Probability: Low. Few cases have been reported, and alcohol evaporates quickly. Ignition sources are kept out of the monoplace chamber, and patient grounding is checked before each treatment.
Severity: 1. Fire in the monoplace chamber – high due to mortality rate; all previous incidences have proven fatal. 2. Spread of hospital-acquired infections – low due to the presence of an effective alternate. A sink with soap is located in the hyperbaric room.
Internal Resources: Infection control manager and environment of care (EOC) safety officer. An email was sent to the internal resources identified with copies of the case report found. Responses were sent by the end of the day, and engineering removed the alcohol foam. The change was discussed among the hyperbaric team.
 
PROSPECTIVE RISK ANALYSIS FOR DEFIBRILLATION IMMEDIATELY OUTSIDE A MONOPLACE CHAMBER
Problem: The risk of fire due to arcing during defibrillation immediately outside a monoplace environment. The patient and associated linens are oxygen-enriched after they are removed from a monoplace chamber, which is pressurized with 100% oxygen
Probability: Low. Fires have been reported during defibrillation in an oxygen-enriched atmosphere (OEA) when oxygen is flowing directly across the patient’s chest, and when paddles are used for defibrillation. Our facility has an AED, which uses pads. Also, cold oxygen is heavier than air and will fall to the floor within 30 seconds. Patient covering and scrub top/gown will need to be removed, resulting further in oxygen dissipation from around patient.
Severity: 1. Fire – high. Fire can result in patient death and staff death or injury. 2. Patient death due to cardiac arrest and delayed defibrillation – high. Immediate early defibrillation and chest compressions are shown to improve survival for patients in cardiac arrest.
Clinic Conclusion: As long as adhesive pads are used, not paddles, it is unnecessary to move the stretcher away from the chamber for defibrillation. The risk of death due to delayed defibrillation is greater than the risk of fire due to arcing in these circumstances. As long as pads are used with AED it is unnecessary to delay defibrillation in patients who have had an apparent cardiac arrest inside the monoplace chamber once they are removed from the chamber.
Internal Resources: Clinic medical director, policy committee to review changes. After being approved by the hyperbaric team and medical director, the new policy was presented to the policy committee, education provided to staff and safety drills updated to reflect the change in procedure.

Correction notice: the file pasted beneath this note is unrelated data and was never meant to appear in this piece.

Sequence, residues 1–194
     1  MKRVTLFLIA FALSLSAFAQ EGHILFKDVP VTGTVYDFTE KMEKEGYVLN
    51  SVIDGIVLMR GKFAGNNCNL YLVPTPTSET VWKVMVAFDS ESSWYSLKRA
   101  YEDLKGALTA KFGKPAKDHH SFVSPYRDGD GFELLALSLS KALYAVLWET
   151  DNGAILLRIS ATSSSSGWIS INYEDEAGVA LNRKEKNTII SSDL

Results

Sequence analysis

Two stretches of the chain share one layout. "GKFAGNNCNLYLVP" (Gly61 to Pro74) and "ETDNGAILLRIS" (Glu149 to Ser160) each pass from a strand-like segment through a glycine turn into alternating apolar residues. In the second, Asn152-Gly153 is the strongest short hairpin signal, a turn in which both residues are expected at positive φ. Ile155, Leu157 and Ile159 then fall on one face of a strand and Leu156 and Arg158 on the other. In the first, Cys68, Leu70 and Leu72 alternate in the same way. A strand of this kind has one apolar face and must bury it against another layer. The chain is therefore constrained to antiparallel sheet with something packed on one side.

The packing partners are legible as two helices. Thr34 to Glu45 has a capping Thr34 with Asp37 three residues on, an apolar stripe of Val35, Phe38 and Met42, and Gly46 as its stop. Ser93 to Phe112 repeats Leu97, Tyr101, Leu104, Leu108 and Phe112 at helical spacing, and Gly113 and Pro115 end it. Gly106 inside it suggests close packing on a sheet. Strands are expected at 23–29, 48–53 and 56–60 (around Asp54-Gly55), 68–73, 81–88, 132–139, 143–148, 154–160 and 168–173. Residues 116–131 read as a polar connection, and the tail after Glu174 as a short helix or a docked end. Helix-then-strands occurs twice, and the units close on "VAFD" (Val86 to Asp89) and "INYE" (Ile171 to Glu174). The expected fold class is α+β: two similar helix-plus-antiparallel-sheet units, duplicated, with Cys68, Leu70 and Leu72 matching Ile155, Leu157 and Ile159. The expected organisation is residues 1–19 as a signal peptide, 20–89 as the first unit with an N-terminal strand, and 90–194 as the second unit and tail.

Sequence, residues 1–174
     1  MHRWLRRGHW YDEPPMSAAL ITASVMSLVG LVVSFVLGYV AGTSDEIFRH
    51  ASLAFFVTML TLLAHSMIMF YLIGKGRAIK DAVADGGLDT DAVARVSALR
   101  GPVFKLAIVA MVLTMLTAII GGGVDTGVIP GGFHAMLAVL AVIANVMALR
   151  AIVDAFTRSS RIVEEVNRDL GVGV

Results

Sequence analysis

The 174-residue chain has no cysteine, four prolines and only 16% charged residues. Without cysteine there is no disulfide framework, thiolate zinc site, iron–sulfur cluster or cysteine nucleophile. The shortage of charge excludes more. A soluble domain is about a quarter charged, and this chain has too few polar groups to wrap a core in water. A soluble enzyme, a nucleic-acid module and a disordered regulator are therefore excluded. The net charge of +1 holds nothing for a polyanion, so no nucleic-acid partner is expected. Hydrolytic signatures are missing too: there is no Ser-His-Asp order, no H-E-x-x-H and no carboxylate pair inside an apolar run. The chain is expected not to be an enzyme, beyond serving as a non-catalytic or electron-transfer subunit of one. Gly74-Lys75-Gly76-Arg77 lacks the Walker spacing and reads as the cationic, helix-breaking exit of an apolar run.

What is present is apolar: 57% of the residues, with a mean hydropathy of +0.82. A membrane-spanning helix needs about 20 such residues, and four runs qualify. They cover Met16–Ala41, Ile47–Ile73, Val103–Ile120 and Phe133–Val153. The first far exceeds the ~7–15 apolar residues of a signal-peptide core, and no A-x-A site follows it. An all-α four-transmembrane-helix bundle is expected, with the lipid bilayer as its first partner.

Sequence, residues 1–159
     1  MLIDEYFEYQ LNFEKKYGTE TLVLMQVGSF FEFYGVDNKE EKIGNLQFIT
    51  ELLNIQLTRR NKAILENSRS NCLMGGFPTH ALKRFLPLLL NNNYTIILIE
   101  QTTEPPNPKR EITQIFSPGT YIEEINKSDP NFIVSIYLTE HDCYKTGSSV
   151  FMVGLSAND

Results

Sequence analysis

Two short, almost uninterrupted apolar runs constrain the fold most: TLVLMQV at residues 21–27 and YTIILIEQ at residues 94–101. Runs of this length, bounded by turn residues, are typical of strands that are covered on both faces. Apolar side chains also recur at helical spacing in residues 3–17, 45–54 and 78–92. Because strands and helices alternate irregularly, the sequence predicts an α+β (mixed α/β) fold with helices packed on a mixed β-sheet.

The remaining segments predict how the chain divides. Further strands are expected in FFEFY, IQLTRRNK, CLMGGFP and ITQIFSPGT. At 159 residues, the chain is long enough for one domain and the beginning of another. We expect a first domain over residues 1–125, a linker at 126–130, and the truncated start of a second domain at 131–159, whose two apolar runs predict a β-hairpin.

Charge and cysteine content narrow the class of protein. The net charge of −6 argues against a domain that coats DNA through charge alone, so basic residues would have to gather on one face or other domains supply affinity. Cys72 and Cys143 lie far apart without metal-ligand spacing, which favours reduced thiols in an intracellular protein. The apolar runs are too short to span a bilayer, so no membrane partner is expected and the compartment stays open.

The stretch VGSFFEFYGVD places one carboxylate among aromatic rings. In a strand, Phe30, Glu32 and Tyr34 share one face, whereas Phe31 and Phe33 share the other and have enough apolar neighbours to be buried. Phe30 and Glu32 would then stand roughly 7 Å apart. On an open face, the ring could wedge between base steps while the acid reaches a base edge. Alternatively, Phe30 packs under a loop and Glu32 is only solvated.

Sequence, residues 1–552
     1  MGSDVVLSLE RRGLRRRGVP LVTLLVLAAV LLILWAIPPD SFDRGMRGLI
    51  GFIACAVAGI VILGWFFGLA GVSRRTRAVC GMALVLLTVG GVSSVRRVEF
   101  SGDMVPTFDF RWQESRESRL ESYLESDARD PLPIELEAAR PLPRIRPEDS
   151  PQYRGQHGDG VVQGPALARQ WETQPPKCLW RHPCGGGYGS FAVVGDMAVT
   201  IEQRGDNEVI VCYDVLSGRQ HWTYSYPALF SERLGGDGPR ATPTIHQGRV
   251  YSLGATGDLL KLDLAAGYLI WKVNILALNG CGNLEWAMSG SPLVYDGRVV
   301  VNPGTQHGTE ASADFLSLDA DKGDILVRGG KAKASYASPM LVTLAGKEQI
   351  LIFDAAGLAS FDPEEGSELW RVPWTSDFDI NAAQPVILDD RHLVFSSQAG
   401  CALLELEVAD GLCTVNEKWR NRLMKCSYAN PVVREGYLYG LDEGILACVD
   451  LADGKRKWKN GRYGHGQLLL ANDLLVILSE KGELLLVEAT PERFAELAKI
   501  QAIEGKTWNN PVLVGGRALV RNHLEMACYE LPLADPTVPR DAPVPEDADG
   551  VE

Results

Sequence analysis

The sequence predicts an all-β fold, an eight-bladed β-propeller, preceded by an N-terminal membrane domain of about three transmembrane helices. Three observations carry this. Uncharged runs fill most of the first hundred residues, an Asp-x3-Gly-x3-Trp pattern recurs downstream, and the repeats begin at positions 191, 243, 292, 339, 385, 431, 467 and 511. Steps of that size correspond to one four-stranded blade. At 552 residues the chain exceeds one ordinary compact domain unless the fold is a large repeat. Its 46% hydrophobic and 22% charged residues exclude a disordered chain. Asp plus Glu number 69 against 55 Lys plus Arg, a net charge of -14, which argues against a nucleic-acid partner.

REFERENCES
ECRI Institute. Fires from defibrillation during oxygen administration. Health Devices. July 1994; 23(7): 307-308.
ECRI Institute. Defibrillation in oxygen-enriched environments. Health Devices. Mar-Apr 1987; 16(3-4): 113.
Garcia JR. Management of the critically ill patient in a hyperbaric setting: nursing considerations and preventions. In LarsonLohr V. Editor, Hyperbaric Nursing and Wound Care. 2010; 83-108. Flagstaff, AZ: Best Publishing Company.
Sunde K, et al. Part 6: Defibrillation: 2010 International Consensus on Cardiopulmonary Resuscitation and Emergency Cardiovascular Care Science with Treatment Recommendations. Resuscitation 2010; 81:e71–e85. DOI: 10.1016/j. resuscitation.2010.08.025
Theodorou AA, Gutierrez JA, Berg RA. Fire attributable to a defibrillation attempt in a neonate. Pediatrics. 2003; 112(3). Whelan HT, Kindwall EP. Hyperbaric Medicine Practice. 4th edition. 2017. North Palm Beach, FL: Best Publishing Company.

Special thanks to devil’s advocate Jane Ahlstrom, CHT.

References

Baybutt P. Cognitive biases in process hazard analysis. J Loss Prev Proc Ind. 2016; 43: 372-377.

Peacos P. Bias: The hidden danger to your risk assessment. 2016. Am Pharm Rev. Retrieved from: https://www.americanpharmaceuticalreview.com/Featured-Articles/184365-Bias-The-Hidden-Danger-to-Your-Risk-Assessment/

Schmidt B. (201). Prospective risk management. Patient Safety and Quality Healthcare. 2010. Retrieved from: https://www.psqh.com/analysis/prospective-risk-management/

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About the Author

Jolene-E-Cormier
JOLENE E. CORMIER, BSN, RN, EMT-P, CHRN, CHT is senior director at large with the BNA and a volunteer on the UHMS safety committee. The views expressed in this article are her own and not the formal opinion of either of these organizations. She can be reached at This email address is being protected from spambots. You need JavaScript enabled to view it..